English literature should be scrapped as a separate exam at A-level, according to a report by the National Association of Teachers of English.
The report says the subject fails to give youngsters the skills they need to write academic essays. Instead, it concentrates too heavily on studying a small number of texts in detail, and writing about them without developing a broader understanding of current culture. As a result, the subject should be merged with the English language A-level, and include study of the modern media.
The move has upset supporters of the exam who claim it would lead to a reduction in the study of classic literature. Some say it will end the study of writers such as Chaucer and Dickens, and usher in the study of more contemporary authors.
Claire Fox, of the Institute of Ideas and a former English teacher, said: "One suspects there is an irritating anti-elitist agenda at work here. The very act of reading great literature should help you develop an understanding of great literature and therefore help you improve your writing."
The report, "The Future of A-level English", says: "The dramatic difference between the school and university English creates difficulties for many students. As student numbers increase, pressure on staff rises, particularly as there is a clear need to address the difficulties many students face in writing academic essays."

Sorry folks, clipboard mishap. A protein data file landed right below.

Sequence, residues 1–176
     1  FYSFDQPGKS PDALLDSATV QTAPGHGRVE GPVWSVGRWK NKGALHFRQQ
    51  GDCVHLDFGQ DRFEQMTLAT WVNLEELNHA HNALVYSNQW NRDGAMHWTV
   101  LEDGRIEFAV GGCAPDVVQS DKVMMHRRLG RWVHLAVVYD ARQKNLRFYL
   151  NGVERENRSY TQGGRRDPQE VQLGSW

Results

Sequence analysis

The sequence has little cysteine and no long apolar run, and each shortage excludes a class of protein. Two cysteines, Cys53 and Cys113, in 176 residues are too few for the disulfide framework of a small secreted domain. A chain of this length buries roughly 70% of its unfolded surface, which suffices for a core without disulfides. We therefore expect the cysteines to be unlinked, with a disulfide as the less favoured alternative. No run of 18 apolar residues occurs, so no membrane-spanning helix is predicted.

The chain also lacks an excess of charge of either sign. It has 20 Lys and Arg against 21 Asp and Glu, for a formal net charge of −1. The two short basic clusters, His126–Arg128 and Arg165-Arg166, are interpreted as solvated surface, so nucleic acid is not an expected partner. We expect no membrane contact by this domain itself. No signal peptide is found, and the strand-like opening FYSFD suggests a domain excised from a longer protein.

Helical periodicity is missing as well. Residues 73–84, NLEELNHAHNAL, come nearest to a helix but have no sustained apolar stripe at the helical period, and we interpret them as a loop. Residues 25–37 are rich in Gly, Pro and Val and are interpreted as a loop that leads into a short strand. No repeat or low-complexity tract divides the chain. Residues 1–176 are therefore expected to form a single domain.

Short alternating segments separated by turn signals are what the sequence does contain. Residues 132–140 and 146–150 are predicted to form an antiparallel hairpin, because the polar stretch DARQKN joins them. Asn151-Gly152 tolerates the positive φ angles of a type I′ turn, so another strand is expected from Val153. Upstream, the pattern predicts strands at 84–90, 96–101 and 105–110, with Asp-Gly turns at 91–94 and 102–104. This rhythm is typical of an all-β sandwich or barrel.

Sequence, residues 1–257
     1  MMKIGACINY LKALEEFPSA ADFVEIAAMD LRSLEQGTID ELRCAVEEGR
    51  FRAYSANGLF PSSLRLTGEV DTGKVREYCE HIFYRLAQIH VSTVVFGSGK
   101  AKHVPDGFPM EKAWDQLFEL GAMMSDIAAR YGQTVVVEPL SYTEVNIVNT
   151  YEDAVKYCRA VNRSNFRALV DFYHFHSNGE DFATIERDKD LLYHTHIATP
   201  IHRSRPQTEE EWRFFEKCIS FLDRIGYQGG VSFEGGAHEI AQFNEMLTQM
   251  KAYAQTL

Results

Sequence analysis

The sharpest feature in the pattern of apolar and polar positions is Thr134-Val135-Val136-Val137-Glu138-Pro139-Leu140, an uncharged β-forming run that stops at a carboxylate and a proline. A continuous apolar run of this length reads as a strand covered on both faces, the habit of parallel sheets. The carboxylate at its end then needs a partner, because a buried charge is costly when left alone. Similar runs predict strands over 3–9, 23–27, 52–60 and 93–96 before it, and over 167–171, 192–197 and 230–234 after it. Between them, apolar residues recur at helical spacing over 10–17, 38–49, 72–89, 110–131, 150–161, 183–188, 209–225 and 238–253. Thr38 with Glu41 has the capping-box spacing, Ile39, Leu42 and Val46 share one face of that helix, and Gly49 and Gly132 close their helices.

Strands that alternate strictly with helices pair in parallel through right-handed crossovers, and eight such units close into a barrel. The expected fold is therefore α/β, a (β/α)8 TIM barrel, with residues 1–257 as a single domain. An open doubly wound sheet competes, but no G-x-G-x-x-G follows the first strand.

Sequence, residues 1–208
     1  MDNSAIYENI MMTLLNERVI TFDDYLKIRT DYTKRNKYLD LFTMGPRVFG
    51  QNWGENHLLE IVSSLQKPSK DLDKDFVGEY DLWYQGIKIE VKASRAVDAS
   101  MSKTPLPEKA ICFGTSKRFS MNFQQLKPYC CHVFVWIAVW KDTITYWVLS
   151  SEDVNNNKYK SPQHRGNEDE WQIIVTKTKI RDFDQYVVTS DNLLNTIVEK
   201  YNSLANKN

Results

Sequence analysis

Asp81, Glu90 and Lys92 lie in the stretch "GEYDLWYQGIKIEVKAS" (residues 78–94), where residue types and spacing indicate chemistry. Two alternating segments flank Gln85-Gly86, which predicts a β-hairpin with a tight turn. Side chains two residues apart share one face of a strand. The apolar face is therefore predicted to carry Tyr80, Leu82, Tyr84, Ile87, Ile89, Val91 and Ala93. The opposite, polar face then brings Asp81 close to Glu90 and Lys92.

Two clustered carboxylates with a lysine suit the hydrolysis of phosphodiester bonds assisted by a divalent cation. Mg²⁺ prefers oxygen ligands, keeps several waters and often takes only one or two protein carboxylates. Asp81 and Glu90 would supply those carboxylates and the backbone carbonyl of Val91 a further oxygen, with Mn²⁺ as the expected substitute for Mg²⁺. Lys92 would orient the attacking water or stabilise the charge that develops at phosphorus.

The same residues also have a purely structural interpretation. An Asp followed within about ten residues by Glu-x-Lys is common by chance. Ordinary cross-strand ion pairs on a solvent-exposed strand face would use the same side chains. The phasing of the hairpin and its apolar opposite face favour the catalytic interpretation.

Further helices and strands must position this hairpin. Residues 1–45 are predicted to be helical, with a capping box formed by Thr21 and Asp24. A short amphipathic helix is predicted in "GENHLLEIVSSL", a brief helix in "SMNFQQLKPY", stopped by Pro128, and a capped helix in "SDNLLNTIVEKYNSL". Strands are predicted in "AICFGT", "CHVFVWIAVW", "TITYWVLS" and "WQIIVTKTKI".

This is brought about, it says, by the English literature exam's "almost exclusive emphasis on the close study of a small number of lengthy texts read in isolation from each other - an emphasis that contributes largely to the course's lack of breadth".
The report says the "rigid division" of English into "language" and "literature" studies is "no longer appropriate" at A-level. Students can now study either English literature or English language - with most (50,082) opting for literature. Only 14,971 study language. There is a separate English literature and language exam, but it is taken by only 14,694.
The authors add that English should offer a broader and more practical education to equip those who do not go to university with the skills they need to communicate.
Ms Fox said: "I can't believe they're saying this. They're even admitting that what they're doing is moving away from the study of literature. If you learn to read literature with a degree of sophistication, then that should rub off on you and help develop your writing ability."
The report's findings are being passed on to the Qualifications and Curriculum Authority, the exams watchdog, which is reviewing how English is taught.Reuse content